Untapped: The Scramble for Africa's Oil
John Ghazvinian, Ph.D.
Author, Freelance Writer & Journalist
May 12, 2007
Although Africa has long been known to be rich in oil, extracting it hadn't seemed worth the effort and risk until recently. But with the price of Middle Eastern crude oil skyrocketing and advancing technology making reserves easier to tap, the region has become the scene of a competition between major powers that recalls the nineteenth-century scramble for colonization there. Already the United States imports more of its oil from Africa than from Saudi Arabia, and China, too, looks to the continent for its energy security.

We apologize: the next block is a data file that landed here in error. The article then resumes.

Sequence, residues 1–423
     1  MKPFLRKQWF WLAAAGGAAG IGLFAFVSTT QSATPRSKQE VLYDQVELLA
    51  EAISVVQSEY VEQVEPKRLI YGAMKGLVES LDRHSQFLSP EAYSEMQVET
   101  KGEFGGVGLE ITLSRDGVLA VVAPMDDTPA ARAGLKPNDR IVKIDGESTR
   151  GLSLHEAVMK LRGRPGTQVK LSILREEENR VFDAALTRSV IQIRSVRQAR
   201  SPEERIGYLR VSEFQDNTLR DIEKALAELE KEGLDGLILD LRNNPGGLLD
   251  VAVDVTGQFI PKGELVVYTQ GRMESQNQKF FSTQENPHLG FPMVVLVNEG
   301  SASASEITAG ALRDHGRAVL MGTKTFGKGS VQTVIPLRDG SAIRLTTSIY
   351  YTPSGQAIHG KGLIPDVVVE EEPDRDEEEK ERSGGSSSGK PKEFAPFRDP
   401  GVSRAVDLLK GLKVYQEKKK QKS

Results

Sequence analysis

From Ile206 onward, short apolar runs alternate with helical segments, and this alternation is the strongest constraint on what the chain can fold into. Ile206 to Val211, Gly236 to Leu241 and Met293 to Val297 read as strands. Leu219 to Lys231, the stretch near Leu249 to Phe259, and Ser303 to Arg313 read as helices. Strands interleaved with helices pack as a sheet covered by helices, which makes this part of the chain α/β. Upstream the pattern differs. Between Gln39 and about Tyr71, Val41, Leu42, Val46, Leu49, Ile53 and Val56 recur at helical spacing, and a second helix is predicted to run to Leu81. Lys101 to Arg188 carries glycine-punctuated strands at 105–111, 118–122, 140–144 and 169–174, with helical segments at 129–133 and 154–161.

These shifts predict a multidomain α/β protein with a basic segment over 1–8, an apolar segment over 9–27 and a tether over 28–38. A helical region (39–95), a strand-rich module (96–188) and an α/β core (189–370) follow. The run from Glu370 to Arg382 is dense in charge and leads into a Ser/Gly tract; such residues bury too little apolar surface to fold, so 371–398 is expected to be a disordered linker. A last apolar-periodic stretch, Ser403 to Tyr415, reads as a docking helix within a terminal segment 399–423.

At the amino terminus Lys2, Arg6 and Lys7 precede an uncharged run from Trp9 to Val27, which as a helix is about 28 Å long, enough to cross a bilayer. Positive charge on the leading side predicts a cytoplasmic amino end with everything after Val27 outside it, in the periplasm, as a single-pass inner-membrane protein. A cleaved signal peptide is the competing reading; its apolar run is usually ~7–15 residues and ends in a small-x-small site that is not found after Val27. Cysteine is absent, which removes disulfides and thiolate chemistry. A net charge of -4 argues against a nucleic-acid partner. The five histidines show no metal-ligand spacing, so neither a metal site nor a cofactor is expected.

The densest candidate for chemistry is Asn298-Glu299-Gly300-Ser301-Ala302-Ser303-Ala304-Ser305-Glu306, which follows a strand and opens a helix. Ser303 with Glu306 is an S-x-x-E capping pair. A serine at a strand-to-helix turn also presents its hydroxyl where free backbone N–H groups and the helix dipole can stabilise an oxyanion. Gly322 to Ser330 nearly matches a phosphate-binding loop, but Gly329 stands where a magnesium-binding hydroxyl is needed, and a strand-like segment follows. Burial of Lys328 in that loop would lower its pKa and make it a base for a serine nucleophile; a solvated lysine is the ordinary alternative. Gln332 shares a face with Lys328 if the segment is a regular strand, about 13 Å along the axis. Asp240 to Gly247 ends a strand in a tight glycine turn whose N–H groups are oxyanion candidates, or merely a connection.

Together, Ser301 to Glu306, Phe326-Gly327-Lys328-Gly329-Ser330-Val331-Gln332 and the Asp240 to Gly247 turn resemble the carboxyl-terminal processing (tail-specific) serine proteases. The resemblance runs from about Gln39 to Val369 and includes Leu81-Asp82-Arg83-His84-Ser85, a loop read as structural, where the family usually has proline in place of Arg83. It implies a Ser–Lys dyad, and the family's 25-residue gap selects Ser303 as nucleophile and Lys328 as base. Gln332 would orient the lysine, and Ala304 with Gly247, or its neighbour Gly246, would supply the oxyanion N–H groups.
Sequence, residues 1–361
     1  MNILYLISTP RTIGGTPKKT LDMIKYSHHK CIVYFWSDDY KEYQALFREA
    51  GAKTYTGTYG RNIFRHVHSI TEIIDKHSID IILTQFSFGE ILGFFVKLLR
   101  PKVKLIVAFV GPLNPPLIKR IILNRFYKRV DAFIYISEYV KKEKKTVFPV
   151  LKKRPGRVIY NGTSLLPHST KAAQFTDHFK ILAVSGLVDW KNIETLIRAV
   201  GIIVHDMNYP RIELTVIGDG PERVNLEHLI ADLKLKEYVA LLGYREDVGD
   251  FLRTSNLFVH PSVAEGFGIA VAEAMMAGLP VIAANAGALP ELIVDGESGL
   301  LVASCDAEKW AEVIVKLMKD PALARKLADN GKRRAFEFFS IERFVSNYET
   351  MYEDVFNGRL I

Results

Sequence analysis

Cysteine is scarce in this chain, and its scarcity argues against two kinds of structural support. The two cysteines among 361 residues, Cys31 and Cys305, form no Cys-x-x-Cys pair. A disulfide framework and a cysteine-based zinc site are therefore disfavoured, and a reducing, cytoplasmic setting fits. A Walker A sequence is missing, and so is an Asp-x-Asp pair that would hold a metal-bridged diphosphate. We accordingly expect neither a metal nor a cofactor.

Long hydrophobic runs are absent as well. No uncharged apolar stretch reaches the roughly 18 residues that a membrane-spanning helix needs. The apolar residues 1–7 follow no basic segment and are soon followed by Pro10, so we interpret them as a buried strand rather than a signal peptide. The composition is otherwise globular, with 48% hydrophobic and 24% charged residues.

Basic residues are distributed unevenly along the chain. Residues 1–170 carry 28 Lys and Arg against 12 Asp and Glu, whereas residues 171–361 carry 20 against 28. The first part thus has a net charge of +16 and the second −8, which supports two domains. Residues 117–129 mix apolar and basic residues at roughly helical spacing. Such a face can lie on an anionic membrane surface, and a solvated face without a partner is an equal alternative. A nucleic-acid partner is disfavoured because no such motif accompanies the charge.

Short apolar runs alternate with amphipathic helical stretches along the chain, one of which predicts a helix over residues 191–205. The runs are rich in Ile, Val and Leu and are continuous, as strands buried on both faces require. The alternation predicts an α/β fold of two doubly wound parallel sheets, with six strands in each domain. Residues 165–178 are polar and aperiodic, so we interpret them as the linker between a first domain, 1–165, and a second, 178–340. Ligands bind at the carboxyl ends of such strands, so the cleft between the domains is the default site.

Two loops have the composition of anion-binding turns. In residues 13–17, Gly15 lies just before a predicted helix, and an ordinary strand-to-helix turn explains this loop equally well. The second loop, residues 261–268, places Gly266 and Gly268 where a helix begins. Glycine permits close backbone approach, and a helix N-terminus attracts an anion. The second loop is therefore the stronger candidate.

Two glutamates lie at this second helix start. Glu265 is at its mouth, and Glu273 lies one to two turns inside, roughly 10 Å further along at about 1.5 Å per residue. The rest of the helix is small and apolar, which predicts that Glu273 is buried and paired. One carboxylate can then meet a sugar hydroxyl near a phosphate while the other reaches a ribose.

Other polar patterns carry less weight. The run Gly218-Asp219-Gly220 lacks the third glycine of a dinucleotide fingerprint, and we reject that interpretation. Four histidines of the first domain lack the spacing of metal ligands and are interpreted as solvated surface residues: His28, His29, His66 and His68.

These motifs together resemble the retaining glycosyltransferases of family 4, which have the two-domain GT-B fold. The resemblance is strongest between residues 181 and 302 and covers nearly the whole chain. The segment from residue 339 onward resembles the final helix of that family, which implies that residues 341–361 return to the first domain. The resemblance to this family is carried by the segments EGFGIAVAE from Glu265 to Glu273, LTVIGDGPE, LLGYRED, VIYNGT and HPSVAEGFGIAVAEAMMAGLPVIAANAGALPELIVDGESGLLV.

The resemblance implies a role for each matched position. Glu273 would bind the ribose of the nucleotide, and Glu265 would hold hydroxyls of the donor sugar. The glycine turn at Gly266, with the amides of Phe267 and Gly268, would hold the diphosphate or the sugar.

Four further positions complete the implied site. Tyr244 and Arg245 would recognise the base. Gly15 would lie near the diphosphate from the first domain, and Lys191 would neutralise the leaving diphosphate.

What does this giddy new oil boom mean for America, for the world, for Africans themselves? To find out, John Ghazvinian traveled through twelve African countries from Sudan to Congo to Angola talking to warlords, industry executives, bandits, activists, priests, missionaries, oil-rig workers, scientists, and ordinary people whose lives have been transformed not necessarily for the better by the riches beneath their feet. The result is a high-octane narrative that reveals the challenges, obstacles, reasons for despair, and reasons for hope emerging from the world's newest energy hot spot.
JOHN GHAZVINIAN has a doctorate in history from Oxford. He has written for Newsweek, the Nation, Time Out New York, and other publications. Born in Iran and raised in London and Los Angeles, he currently lives in Philadelphia, where he is a visiting fellow at the University of Pennsylvania.